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Should you vaccinate?

With winter just around the corner one cannot help but think about the possibility of getting the flu.

The impact this can have on you and your family is great and no one wants to face the flu if it can be avoided...
The flu is caused by the influenza virus. It spreads from one person to another through droplet distribution and causes fever, body and muscle pains, headaches and teary eyes to name but a few symptoms.

In complex cases it could lead to pneumonia and neurological complications - where hospitalization is required. As a doctor and mother I am constantly on the lookout for ways to protect my family. A flu vaccination remains the primary method to prevent flu. The South African flu season occurs during the winter months (primarily from the first week of June), but it can even start as early as the first week of April. It takes 2 weeks for the body to create a protection reaction against the vaccine - thus you can get a vaccination as early as March or April, but it is never too late to get the vaccination during the season. The flu vaccination is an inactive vaccination - in other words there isn't a living virus in the vaccination. It has a very good safety record.

Roughly 16-20% of people that are vaccinated can have a local reaction on their arms for about 1-2 days. Short-term responses of fever and muscle pain will take effect within the first few hours after the reported vaccination within a small percentage of people. It doesn’t cause flu but there is no guarantee that you can’t get flu.

Yearly vaccination: The World Health Organisation makes annual recommendations as to which variation of the influenza virus must be included within the vaccination seeing as the influenza virus regularly changes. This is why it’s so important that a person receives annual vaccines against the flu.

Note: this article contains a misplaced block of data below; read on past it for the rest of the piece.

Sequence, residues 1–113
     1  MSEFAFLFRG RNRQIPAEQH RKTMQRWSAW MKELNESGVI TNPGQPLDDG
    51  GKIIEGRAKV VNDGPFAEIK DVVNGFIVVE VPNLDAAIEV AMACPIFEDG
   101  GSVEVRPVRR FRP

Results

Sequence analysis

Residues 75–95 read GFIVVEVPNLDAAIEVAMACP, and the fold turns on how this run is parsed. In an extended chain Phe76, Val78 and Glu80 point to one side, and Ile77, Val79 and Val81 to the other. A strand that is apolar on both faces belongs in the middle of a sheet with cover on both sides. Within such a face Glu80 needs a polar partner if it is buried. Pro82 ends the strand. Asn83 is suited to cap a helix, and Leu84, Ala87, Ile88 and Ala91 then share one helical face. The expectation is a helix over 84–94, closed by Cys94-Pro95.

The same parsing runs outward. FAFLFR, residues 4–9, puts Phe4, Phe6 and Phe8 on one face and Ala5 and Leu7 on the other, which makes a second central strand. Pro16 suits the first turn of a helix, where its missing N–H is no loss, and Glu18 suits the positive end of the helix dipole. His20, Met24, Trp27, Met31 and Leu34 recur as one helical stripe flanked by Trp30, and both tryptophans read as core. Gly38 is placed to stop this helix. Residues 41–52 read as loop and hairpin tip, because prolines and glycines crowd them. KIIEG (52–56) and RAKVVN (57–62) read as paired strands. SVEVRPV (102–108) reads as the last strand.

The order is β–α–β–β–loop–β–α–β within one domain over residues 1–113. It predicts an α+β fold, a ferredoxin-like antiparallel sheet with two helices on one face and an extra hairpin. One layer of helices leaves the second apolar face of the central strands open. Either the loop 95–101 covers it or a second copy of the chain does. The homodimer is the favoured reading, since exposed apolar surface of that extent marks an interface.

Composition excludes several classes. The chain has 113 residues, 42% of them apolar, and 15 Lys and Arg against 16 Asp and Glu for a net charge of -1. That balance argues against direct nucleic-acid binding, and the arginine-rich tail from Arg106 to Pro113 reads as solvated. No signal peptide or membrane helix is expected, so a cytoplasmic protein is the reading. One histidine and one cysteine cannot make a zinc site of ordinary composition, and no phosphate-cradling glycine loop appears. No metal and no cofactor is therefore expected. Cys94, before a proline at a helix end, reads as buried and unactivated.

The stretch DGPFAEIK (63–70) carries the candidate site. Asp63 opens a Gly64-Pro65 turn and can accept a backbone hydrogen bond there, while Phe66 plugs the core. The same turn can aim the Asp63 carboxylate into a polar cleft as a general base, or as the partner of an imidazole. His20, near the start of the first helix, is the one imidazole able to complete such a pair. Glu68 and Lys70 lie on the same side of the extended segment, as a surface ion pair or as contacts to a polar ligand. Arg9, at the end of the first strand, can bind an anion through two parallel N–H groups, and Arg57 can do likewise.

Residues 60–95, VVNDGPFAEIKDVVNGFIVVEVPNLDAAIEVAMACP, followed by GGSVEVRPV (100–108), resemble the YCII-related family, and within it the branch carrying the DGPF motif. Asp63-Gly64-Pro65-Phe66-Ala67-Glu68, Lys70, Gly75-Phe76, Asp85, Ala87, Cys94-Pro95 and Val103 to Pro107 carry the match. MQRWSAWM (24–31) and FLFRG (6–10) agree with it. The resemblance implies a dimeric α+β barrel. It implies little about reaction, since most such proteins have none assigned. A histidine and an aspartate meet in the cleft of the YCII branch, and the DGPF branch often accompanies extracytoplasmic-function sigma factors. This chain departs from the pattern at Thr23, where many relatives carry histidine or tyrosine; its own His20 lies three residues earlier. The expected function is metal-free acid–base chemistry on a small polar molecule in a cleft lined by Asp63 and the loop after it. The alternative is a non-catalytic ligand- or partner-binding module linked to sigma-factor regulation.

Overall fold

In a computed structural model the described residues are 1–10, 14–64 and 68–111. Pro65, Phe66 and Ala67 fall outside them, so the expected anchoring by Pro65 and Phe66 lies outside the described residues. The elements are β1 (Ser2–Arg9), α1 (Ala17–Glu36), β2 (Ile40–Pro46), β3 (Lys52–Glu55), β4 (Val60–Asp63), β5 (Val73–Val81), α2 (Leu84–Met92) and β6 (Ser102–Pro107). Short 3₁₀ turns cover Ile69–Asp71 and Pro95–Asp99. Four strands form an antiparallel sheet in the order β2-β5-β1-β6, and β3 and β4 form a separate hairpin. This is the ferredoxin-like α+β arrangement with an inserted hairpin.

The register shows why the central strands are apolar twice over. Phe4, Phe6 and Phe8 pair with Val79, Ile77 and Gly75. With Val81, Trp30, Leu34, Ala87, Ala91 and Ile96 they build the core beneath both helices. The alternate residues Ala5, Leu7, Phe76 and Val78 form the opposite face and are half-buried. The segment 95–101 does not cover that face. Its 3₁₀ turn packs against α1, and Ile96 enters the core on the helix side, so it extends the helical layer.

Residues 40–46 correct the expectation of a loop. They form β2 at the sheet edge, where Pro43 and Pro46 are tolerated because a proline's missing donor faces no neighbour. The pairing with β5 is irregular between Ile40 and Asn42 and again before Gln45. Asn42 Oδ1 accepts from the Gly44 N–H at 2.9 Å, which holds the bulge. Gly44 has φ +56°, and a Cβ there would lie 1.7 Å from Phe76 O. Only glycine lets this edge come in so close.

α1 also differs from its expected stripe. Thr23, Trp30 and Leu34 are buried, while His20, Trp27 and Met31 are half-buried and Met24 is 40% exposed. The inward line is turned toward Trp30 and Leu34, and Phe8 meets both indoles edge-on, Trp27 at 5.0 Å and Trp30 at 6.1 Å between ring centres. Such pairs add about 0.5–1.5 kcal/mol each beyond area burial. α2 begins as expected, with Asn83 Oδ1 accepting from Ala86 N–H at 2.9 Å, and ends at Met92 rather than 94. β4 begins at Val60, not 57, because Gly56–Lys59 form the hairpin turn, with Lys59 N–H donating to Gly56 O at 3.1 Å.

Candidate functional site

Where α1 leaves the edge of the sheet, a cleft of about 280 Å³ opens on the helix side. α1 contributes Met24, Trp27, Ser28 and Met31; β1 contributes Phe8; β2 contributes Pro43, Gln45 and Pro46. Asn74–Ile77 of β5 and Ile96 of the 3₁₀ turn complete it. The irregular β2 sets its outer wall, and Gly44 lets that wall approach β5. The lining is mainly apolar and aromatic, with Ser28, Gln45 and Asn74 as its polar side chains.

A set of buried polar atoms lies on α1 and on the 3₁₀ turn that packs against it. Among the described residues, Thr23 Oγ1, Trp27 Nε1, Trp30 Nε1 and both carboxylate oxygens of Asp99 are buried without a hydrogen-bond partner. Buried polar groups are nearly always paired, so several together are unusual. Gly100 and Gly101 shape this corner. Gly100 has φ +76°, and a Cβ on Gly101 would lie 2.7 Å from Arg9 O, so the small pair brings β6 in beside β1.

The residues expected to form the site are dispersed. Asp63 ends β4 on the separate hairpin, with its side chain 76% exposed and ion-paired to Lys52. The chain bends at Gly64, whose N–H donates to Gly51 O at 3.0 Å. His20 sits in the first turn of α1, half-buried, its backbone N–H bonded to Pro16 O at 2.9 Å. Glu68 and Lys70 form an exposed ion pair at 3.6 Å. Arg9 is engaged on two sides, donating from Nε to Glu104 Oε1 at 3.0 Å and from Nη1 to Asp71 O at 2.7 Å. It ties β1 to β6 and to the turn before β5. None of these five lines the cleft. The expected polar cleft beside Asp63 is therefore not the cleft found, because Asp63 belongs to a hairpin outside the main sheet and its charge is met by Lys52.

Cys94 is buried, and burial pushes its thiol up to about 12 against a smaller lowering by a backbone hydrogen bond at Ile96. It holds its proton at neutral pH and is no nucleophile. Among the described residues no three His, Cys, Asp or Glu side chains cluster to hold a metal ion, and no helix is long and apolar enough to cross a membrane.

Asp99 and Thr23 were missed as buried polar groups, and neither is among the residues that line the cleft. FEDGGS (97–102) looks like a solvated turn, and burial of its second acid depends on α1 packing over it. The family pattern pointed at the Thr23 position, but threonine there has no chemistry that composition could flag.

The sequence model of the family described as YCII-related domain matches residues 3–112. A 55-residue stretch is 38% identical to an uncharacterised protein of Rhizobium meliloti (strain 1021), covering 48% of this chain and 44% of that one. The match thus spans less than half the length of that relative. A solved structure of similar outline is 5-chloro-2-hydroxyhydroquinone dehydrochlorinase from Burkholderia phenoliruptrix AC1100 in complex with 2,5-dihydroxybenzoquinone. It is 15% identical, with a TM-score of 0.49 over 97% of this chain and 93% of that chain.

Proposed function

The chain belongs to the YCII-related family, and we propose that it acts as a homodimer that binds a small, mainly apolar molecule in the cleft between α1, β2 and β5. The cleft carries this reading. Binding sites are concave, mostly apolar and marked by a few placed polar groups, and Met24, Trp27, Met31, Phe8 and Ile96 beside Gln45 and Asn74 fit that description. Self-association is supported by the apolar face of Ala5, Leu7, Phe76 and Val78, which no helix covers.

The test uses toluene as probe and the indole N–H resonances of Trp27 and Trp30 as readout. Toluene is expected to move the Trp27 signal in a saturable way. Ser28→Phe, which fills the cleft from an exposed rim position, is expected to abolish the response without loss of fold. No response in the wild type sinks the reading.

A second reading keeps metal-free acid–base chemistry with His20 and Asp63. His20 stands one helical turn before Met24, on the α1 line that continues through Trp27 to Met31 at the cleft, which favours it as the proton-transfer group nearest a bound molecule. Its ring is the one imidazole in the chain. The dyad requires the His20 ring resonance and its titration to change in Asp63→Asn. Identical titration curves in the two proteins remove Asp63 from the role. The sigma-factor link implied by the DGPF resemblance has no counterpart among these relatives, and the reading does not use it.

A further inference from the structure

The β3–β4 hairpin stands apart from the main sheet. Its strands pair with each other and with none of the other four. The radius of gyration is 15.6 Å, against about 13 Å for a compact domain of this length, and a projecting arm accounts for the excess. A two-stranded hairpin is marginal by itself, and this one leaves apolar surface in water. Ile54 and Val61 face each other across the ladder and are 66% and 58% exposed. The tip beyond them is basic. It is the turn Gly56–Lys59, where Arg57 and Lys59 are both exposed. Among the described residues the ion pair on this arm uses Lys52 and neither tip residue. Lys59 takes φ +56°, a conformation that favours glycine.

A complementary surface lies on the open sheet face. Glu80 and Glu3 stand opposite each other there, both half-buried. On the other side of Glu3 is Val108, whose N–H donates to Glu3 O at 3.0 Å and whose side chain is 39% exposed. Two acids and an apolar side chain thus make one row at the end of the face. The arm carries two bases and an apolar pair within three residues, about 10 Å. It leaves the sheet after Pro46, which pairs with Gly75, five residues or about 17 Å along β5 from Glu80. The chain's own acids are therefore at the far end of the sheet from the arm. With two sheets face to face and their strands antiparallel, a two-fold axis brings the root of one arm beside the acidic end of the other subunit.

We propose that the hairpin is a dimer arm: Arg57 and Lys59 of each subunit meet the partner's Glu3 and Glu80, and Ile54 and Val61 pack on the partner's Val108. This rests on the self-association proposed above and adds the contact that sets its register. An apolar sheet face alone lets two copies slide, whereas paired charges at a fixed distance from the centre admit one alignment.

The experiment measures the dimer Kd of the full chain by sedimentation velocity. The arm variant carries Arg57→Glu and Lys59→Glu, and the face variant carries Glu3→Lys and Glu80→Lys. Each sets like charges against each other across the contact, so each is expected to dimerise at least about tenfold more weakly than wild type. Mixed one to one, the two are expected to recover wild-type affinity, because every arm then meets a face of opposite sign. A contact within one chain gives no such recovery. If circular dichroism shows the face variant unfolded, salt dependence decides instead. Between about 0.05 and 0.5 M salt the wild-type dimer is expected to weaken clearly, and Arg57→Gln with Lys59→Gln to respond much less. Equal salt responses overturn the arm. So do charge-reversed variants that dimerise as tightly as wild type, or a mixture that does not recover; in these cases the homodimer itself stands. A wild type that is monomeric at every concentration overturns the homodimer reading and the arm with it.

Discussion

Who must be vaccinated: It’s strongly recommended that the following people must be vaccinated as they have a higher risk of contracting a more complicated form of the flu:

• Pregnant women (dependant on the trimester) – there is evidence that the vaccine will protect the mother and baby as long as 6 months after the birth
• Kids from the age of 6 months to 5 years (kids can be vaccinated from the age of 6 months).
• Health consultants (to protect themselves)
• People with chronic illnesses like diabetes, chronic kidney or lung complications, immune suppressive illness like HIV
• People over the age of 65, as long as you don’t fall under one of these high risk groups it’s still highly recommended that you are vaccinated so that the risk of others like children under the age of 6 months are protected.

Contra indications

The following people may not receive the vaccination:

• If you have had an anaphylactic reaction due to prior vaccinations or on one of the ingredients namely: egg protein.
• Children under 6 months
• People with moderate to severe sickness, with or without the flu, should preferably wait until they are better before they are vaccinated.

Protect your hubby, kids, granny and grandpa by considering the annual flu vaccination this winter.

Should you have any questions or concerns contact your doctor or clinic sister.

Article by By Dr Christa Rocher